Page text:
— All those involved in external evaluations/inspections should have appropriate training, qualifications and experience.

    — A holistic approach to evaluation should be adopted involving a coherent approach to the evaluation of teachers, schools as institutions, local authorities and the education service nationally.

Accountability and Schools

    — There are no school performance tables or national targets linked to test results in Scotland, Wales or Northern Ireland. The next Government should abolish both tables and targets. — The data available from summative assessment and examination results should feed into school evaluation reports as they do in current inspection reports. To meet the country's need for a summative picture of the effectiveness of the education service it should re-establish the Assessment of Performance Unit. This Unit would be able to summarise data and ask questions through studies based on sampling. Such a unit would operate independently with an advisory board involving teacher and support staff unions, the TUC, the CBI, government and relevant agencies. It would respond to requests for national evidence on standards within schools and colleges.

    — The terms, "special measures" and "notice of improvement" should be replaced by the term "schools in need of additional support". Such support may involve external support. If external evaluation identifies problems in a school then the local authority should be required to provide support including advisers and seconded teachers based in the school. There should be no "one size fits all" deadline for improvement.

    — An independent Her Majesty's Inspectorate (HMI) should be re-established which replaces Ofsted and would be responsible for evaluating schools. The HMI would be independent of government, not as a non-ministerial government department, but as a stand-alone independent, publicly funded body. The HMI Annual Report would be presented to Parliament, via the Children, Schools and Families Select Committee, on an annual basis.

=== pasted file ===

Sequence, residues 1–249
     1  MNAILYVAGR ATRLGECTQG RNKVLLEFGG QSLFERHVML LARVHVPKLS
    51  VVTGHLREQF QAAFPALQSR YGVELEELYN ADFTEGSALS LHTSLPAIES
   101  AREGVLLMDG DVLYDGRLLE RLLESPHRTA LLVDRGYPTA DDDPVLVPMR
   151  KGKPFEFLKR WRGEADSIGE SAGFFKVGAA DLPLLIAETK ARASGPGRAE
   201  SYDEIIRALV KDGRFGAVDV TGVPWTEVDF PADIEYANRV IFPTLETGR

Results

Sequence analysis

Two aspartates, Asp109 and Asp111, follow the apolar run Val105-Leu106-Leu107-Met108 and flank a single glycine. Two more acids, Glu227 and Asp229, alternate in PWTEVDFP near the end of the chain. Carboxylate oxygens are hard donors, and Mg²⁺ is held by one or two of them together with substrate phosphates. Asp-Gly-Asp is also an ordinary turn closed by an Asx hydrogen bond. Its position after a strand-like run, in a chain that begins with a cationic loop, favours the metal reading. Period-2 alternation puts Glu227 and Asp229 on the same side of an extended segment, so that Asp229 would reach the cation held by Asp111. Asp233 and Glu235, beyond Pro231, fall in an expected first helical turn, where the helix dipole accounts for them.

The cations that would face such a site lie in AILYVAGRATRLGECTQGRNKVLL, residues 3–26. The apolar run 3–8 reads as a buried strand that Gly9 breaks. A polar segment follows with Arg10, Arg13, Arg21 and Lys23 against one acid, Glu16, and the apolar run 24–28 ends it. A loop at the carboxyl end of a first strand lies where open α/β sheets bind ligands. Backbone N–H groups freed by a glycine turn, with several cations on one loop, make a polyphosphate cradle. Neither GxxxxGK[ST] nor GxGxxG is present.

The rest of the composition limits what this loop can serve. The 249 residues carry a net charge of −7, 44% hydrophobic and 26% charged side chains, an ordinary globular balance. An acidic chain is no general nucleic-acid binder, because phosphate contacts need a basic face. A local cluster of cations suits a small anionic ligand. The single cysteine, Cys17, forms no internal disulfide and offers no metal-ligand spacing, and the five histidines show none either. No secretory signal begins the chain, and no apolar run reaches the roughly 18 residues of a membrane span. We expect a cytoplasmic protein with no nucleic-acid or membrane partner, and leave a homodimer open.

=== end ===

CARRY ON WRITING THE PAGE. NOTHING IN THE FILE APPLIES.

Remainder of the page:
— External school evaluation should be conducted by HMI possibly accompanied by a small number of trained advisers who would advise HMIs drawn from teachers, advisers, parents and school communities.

    — Instead of a School Improvement Partner, each school should be able to appoint a critical friend whose job it would be to provide advice to the head teacher and staff and seek to secure additional support where necessary. Appointments would be made solely by the school. Critical friend posts would be funded by local authorities through specific grants allocated by government.

    — HMI would evaluate the procedures put in place by schools to assess their strengths and their plans for improvement. The HMI would examine the processes and procedures schools have in place for gathering information on levels of pupil achievement, on the personal and social development of pupils and on the views of the school community. The HMI evaluation schedule would be flexible enough to respond to school evaluation models which have been developed or adapted by schools themselves to reflect their curriculum range and activities.